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(Nairobi) - The Kenyan Parliament’s vote to make cancer treatment free of charge will save lives and promote the right to health, Human Rights Watch said today. The Kenyan government should move quickly to turn the decision into reality, and donors should help fund the effort, Human Rights Watch said.

“The majority of cancer sufferers in Kenya do not have access to the curative or palliative care they need, and children are at a particular disadvantage,” said Juliane Kippenberg, senior children’s rights researcher at Human Rights Watch. “This vote creates new hope for cancer patients and indeed for all Kenyans.”

On November 2, 2011, Parliament unanimously voted through a motion to make cancer treatment free of charge. The government now needs to draw up a policy on this and mobilize financial support for the measure.

An estimated 18,000 patients die of cancer every year in Kenya. Human Rights Watch has documented serious obstacles Kenyan children face in getting cancer care. Lower-level health facilities, including district hospitals, are not equipped to diagnose and treat cancer. For a diagnosis, families are frequently told to travel to one of the few provincial or referral hospitals, a trip that many cannot afford.

The costs of chemotherapy and other cancer treatment are often prohibitive. As a result, children most often do not get the treatment they need. If they do, families often go deep into debt. Human Rights Watch interviewed the father of an 11-year-old boy with Non-Hodgkin’s lymphoma, who had paid more than 448,000 Kenyan shillings (approximately US$4,600) for his son’s treatment, selling land and borrowing money, and yet was unable to pay a pending bill.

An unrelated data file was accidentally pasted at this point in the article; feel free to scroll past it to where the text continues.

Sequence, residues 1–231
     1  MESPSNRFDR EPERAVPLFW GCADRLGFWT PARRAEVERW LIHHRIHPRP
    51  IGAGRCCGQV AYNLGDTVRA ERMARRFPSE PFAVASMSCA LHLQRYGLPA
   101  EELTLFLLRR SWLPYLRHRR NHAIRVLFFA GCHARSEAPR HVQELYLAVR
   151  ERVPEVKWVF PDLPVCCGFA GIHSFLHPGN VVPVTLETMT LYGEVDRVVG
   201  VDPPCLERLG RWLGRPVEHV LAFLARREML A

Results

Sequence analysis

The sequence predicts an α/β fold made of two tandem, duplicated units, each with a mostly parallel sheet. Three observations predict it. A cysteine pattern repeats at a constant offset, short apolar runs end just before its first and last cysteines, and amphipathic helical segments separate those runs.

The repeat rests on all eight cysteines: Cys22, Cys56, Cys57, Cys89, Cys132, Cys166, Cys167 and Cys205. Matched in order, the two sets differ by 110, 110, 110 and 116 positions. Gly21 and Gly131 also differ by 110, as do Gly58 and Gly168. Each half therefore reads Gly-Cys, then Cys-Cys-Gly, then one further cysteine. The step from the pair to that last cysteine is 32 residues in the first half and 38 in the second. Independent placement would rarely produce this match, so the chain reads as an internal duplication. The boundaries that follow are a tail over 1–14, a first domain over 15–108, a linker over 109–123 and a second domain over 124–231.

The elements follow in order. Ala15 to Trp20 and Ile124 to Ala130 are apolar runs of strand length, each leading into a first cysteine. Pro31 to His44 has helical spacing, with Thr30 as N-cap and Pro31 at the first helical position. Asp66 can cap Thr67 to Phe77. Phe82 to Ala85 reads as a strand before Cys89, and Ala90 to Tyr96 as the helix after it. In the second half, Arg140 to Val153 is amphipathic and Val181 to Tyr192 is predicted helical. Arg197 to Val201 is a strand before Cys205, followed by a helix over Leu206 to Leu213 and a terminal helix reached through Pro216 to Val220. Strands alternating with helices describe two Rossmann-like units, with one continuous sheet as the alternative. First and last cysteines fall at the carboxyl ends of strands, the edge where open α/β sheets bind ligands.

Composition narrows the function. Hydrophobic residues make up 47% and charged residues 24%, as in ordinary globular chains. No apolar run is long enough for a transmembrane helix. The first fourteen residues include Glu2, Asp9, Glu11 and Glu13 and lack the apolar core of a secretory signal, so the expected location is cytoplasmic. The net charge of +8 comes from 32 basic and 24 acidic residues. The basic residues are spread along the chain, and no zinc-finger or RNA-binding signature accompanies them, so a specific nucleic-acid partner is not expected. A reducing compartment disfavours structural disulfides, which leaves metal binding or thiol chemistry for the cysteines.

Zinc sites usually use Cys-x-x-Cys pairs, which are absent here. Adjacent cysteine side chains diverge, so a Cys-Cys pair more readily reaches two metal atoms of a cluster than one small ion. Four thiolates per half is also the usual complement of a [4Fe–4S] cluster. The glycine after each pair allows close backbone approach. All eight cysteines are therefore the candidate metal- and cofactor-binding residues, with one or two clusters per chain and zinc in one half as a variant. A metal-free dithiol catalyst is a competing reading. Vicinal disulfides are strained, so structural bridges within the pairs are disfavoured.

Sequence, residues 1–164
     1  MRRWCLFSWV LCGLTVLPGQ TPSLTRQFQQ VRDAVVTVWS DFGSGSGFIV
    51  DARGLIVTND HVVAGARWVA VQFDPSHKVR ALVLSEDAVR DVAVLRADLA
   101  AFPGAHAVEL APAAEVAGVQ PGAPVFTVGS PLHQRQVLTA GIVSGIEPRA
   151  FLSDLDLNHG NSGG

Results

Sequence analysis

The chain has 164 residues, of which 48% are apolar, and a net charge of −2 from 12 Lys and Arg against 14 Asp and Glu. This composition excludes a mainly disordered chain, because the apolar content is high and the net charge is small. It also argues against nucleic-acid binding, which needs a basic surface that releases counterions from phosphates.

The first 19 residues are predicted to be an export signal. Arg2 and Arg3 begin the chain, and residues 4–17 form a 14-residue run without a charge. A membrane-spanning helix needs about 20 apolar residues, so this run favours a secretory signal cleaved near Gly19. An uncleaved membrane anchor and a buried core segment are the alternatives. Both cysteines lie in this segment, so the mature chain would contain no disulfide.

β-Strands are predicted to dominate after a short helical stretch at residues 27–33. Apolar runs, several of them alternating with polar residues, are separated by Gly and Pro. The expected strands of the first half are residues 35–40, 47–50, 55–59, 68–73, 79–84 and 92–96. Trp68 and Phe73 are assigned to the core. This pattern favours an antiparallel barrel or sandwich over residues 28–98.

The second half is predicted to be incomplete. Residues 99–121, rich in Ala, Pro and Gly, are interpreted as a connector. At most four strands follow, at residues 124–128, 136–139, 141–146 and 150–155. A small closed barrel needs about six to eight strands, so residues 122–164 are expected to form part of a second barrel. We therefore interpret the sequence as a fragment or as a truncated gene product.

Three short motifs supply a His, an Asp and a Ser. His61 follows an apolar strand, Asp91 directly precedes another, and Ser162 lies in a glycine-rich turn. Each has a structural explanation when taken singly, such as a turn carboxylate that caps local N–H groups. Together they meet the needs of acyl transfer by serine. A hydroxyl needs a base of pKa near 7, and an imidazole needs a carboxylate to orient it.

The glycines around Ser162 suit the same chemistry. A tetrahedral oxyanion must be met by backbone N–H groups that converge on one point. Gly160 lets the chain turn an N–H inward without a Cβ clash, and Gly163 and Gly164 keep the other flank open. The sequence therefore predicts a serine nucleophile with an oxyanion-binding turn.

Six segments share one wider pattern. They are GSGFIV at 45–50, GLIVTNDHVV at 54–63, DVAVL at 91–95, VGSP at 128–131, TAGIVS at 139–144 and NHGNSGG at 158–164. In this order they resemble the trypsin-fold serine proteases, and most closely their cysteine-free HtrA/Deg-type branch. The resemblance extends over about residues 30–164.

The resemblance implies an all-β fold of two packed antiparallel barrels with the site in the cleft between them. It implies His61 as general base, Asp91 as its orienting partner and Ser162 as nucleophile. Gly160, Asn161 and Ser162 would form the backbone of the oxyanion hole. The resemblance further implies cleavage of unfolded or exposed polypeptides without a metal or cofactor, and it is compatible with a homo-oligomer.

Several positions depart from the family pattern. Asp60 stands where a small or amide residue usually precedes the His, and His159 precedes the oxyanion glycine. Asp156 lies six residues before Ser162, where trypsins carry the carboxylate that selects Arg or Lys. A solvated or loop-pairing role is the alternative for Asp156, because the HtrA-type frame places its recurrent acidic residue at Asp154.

Human Rights Watch also found that Kenya has significant challenges in providing palliative care – adequate pain relief, symptom relief, and psychosocial support for patients with life-limiting disease. Since 2010, the Kenyan government has pledged to increase training of physicians in palliative care and to open 10 new palliative care units. But health workers often fail to assess pain in children correctly. When children with cancer are found to be in need of strong pain drugs, such as oral morphine, health workers often deny such treatment because they lack training on providing morphine treatment for children, or they consider the need to use morphine a “defeat.” Oral morphine is available in only a few hospitals across the country.

The vote on free care was taken during a debate in Parliament on a bill to establish a Cancer Prevention and Control Institute. The institute would lead the country’s health response to cancer, including palliative care. It would oversee and coordinate data-gathering, training, prevention, and treatment efforts. The bill is currently before the parliamentary health committee. The plans for the institute and its integrated approach to palliative care would provide hope to many Kenyans, Human Rights Watch said.

In 2008 more than 7.5 million people died worldwide due to cancer, with two-thirds in low- and middle-income countries. In sub-Saharan Africa, cervical cancer is the leading cause of cancer death among women. Globally, while infectious disease deaths are projected to decline by around 7 million a year over the next 20 years, cancer deaths are expected to increase by 4 million annually, according to the World Health Organization (WHO).

Under international law, the Kenyan government must progressively enable its citizens to realize the right to the highest attainable standard of health. It is also obliged to fulfill certain minimum core obligations, including providing healthcare for children and essential medicines. WHO classifies morphine as one of these drugs. International law also emphasizes the essential role of international cooperation to help people realize their full right to health.

WHO has recommended that governments develop national policies on palliative care, integrate palliative care into health services, ensure the availability of opioid pain medicines, and educate health professionals and the public about palliative care. For resource-poor countries, WHO has emphasized the importance of community-based palliative care, which can be provided at relatively low cost.

“This bill provides an opportunity for Kenya to become a leader in addressing cancer and palliative care among sub-Saharan African countries,” Kippenberg said. “Developing strong programs on pediatric cancer and palliative care issues will allow Kenya to pioneer attention to a neglected and devastating health problem.”

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